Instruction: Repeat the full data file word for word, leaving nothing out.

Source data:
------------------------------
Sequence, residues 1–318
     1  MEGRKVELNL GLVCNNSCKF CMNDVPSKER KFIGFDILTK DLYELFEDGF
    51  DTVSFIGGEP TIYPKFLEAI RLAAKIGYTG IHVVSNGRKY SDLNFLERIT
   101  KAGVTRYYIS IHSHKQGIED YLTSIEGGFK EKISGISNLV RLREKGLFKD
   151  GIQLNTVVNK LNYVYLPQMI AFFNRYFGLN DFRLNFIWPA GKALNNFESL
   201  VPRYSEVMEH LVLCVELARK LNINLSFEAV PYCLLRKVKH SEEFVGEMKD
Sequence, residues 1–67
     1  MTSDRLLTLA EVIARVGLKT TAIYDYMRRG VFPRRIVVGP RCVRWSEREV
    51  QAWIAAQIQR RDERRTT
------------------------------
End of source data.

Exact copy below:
Sequence, residues 1–318
     1  MEGRKVELNL GLVCNNSCKF CMNDVPSKER KFIGFDILTK DLYELFEDGF
    51  DTVSFIGGEP TIYPKFLEAI RLAAKIGYTG IHVVSNGRKY SDLNFLERIT
   101  KAGVTRYYIS IHSHKQGIED YLTSIEGGFK EKISGISNLV RLREKGLFKD
   151  GIQLNTVVNK LNYVYLPQMI AFFNRYFGLN DFRLNFIWPA GKALNNFESL
   201  VPRYSEVMEH LVLCVELARK LNINLSFEAV PYCLLRKVKH SEEFVGEMKD
Sequence, residues 1–67
     1  MTSDRLLTLA EVIARVGLKT TAIYDYMRRG VFPRRIVVGP RCVRWSEREV
    51  QAWIAAQIQR RDERRTT